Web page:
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Log data- things to look for


Bterrill
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Hi all. I've been logging my fishing data this year. Really wish I had the 20/20 hindsight to have done it all along. The intention is to compare years for trends in habitat and fishing skill.

 

I started keeping track of hours fished in July, but counted 16"+ fish and totals from 1/1/07.

 

16"+ fish YTD=11.88% of totals. 18"+ fish YTD=2.63%. 20"+=.39%

 

16 and 17's have been caught in exactly equal amounts through September 30.

 

Of July, August, and September, July had the most volitility in good fishing days. July 3.07 SMB per hour. August 3.77 SMB per hour. September 5.2 SMB per hour.

 

Notes: All fractions rounded down for measuring purposes. Ie... a 17.5=17 etc...

 

My goal is to push that 16"+ number ever higher, while maintaining or increasing fish per hour rates and fishing only rivers and streams.

 

What are some other things to keep track of that prove revealing? Weather, water temps, stream location. I could even do this on a per stream basis. Holding me back- fishing many, many streams, and possible small sample sizes.

 

Brenden

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What are some other things to keep track of that prove revealing? Weather, water temps, stream location. I could even do this on a per stream basis. Holding me back- fishing many, many streams, and possible small sample sizes.

 

Brenden

 

:rolleyes:

 

Sorry, the devil makes me say this. Keep track of the yardage and the par for the hole you are fishing. I would think it would be very important to know how long your casts are and how accurate they are. Also what is par for the hole? Be sure to check your scorecard carefully before you sign it and turn it in. Figure you are doing well if your handicap keeps going down.;)

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:rolleyes:

 

Sorry, the devil makes me say this. Keep track of the yardage and the par for the hole you are fishing. I would think it would be very important to know how long your casts are and how accurate they are. Also what is par for the hole? Be sure to check your scorecard carefully before you sign it and turn it in. Figure you are doing well if your handicap keeps going down.;)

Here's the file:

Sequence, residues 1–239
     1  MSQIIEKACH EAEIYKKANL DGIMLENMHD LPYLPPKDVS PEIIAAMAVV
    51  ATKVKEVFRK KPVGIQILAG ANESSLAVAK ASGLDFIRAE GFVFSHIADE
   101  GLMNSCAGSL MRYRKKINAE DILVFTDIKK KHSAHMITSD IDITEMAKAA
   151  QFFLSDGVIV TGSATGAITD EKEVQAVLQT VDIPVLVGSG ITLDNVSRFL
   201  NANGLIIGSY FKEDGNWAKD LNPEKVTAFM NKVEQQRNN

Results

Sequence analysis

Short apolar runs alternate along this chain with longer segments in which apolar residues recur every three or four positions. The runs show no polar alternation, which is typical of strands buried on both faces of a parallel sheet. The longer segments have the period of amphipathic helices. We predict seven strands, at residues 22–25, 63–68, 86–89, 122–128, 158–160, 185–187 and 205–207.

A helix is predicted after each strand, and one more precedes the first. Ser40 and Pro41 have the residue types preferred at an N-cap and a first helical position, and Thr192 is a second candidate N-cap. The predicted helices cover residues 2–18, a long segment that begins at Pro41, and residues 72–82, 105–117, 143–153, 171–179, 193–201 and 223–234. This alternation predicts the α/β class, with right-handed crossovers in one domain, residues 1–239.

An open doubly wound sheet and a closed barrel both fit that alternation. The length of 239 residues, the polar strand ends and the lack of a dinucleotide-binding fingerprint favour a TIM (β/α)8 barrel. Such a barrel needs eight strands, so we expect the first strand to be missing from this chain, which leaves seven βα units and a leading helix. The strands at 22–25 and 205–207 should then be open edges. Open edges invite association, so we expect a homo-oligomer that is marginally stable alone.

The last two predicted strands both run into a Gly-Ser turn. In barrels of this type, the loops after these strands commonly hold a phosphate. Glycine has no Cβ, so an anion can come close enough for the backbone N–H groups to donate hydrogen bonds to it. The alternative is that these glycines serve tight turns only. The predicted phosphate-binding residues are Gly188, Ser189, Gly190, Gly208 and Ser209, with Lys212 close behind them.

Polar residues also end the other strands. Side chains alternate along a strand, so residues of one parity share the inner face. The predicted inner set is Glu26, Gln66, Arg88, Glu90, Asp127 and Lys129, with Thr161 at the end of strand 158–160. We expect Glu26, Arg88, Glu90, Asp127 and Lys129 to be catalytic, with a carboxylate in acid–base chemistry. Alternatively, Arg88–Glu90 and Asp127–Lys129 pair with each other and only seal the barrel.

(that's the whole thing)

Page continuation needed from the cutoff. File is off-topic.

You laugh, but I did once count casts twice in a day of fishing. Once was with assorted lures but mostly WTD. It ended up around 48. The second was buzzbaiting and hit 62. I figure around 400-500 casts in a mostly topwater 8 hour day. 77 days out this year explains the lobster claw for right hand that I have :):( .

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I did so much fishing one fall I got what they call tennis elbow. It hurt every time I set the hook, opened a door, ect. Someone showed me a stretching exercise and I haven't had any problems since. You take your arm and extend it straight out with palm in the air. Take your other hand and bend your four fingers down and towards your body. Do this on both arms and before and after fishing and you can prevent elbow tendinitis.

 

You're not the only one keeping detailed fishing logs. Nature has a way of repeating itself and it helps to identify the patterns. I started keeping logs back in 2000, now I have 7+ years of data that I can refer back to. I rarely get skunked and I find myself in the right place at the right time with the right presentation often. Since I don't ice fish, it also gives me something fishing related to do over the winter months. I never kept tract of casts though, just hours fished. Does it really matter if you plug 100 cast per hour with a spinnerbait or 25 with a slider if the results are the same? I used to track a lot of things but now I just look at date, location, hours fished, temp, weather conditions, water conditions, fish caught, size of fish, lures/techniques, and if I waded, canoed or boat fished. I went from catching 200-300 smallmouth/year up to over 1400 last year fishing about the same amount of time. My fishing logs and joining the ISA certainly contributed to that success. This year I probably won't break 1000, but that is what sacrificing vacation time for a Cananda fly-in will do to your smallmouth numbers. My walleye and pike number are up though.